We continuously asked ourselves about the common struggles all relationships have to go through; whether it be with God, family, friendships, family, boyfriend-girlfriend relationships. The main goal we had when we wrote this song is that we wanted the song to speak not just to us, but also the listeners, especially the ones who can relate to it. Whether our song just sounds like a song you drive to or if it helps you go through a tough time, we genuinely hope that whoever listens to it, loves and connects with it, just as much as we do.
7. What was the journey of breaking into the Malaysian-music scene for you guys? Was there anything that you guys learned throughout that process of breaking through the bubble of being a band that just performs covers?
T: We definitely started out as a cover-band. Played talent shows, wedding gigs, local open mic spots like Merdekarya and charity events. About 3-4 months in, we realized we weren’t gonna go anywhere by playing other artists’ music. So I insisted that we write together since we have chemistry, plus Ritchie and I have written songs before, individually. So we wrote a few songs, played it at some shows, got good feedback, met important people along the way that helped us release “No Turning Back”! We’ve learnt so much already, and there’s still so much for us to learn since we’ve only just started. But we’re really excited to make more music for our listeners who gave us such a warm welcome into the scene!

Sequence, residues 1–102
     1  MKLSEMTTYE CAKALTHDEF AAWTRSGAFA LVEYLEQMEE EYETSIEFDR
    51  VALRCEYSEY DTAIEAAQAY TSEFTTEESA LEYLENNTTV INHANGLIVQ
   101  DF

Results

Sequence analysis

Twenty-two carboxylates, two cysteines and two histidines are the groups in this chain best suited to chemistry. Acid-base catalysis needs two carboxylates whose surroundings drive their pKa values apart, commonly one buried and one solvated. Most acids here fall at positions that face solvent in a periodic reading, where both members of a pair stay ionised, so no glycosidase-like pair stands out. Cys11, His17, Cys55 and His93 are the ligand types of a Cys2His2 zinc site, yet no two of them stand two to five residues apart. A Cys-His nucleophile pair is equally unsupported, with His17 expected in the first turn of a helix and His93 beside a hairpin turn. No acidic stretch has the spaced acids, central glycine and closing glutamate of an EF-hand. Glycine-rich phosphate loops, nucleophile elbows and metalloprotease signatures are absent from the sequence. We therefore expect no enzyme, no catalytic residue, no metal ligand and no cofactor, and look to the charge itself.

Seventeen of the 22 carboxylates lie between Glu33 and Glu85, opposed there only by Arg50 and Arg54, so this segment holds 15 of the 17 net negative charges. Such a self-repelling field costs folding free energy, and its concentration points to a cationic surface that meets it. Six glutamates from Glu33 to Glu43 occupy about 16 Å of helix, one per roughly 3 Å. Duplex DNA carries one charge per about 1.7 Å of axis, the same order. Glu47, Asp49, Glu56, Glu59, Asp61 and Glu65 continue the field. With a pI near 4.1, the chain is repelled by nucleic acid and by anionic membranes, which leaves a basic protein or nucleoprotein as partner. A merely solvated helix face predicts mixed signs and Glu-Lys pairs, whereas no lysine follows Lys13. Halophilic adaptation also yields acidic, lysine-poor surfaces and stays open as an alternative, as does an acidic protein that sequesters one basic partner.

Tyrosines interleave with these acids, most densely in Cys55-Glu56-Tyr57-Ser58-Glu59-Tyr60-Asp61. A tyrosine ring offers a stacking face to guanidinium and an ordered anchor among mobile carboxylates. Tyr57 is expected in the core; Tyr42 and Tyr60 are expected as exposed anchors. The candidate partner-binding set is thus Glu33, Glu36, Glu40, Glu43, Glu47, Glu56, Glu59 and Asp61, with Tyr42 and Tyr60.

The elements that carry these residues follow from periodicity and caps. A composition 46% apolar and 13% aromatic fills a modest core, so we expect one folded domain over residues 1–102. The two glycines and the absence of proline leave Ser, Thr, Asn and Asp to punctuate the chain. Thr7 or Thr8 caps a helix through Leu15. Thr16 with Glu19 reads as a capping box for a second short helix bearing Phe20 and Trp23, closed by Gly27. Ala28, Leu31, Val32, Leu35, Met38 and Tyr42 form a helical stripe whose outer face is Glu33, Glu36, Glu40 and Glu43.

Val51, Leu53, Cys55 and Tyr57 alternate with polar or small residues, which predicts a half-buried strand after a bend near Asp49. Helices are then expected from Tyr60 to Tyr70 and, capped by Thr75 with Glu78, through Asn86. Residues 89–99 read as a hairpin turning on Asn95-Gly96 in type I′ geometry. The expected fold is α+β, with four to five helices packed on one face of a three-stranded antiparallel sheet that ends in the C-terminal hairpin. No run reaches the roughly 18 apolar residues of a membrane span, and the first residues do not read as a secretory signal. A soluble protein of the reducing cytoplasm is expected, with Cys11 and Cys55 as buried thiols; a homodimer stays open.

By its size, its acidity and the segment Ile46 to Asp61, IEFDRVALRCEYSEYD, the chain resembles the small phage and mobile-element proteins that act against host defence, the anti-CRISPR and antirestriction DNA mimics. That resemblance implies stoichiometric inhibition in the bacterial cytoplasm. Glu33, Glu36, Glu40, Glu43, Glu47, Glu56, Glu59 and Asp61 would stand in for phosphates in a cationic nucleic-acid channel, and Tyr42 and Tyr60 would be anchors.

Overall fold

8. Being a band that’s up-and-coming, was there any fear/pressure of how your music, or you guys as a band, might be perceived by the public. How have you guys dealt with it?
R: For a short period of time, there was definitely that sense of FOMO; you know, Fear Of Missing Out? Because there are so uprising many talents in Malaysia, we didn’t want to miss out on this opportunity to ride this “train”. But what we learned through this whole music scene process is that it doesn’t matter if you miss out now. Maybe it will affect the band’s growth by a small margin but that’s it! I believe as long as your intentions are right, if you are genuine and honest with the music you write, and most importantly if you absolutely love and enjoy what you do, everything will come into play.
9. What are some of the ambitions or goals, you’d like to see come true for this band?
Short term, to play shows like Good Vibes Festival, We The Fest, and who says you can’t dream big?: Coachella. (If BlackPink can do it, Malaysia boleh too!)
Long term-wise, we would want to have our music impact people around the world and being able to connect with them on a personal and emotional level through our music. And touring the world of course!
10. If each of you could pick to perform alongside an artist onstage, who would it be?
T: It’s got to be LANY for sure!
C: Tori Kelly, for me.
R: Ed Sheeran would be a dream come true! He was one of the many reasons why I picked up a guitar!
11. Had the band not been formed, what would each of you have done?
T: Probably try to do the same thing HAHAHAH
C: Probably be doing covers everywhere
R: I’d probably be doing the same thing as these two, shocker.
12. With “No Turning Back” I’m sure we can definitely expect more amazing tunes coming from you guys, is there an album or an EP that you guys are planning to release any time soon that you would like your fans to look out for?
The game plan right now, and we’re super excited to announce this, is to release a few more singles throughout the year and if it all goes well, possibly an EP as well!
13. What would you describe your upcoming album/EP in one word? (if any)
You’re gonna be experiencing the minds of three unpredictable dudes and we hope you’re ready for it.
THANK YOU FOR THE FEATURE, SEVENPIE! WE ARE BEYONG GRATEFUL!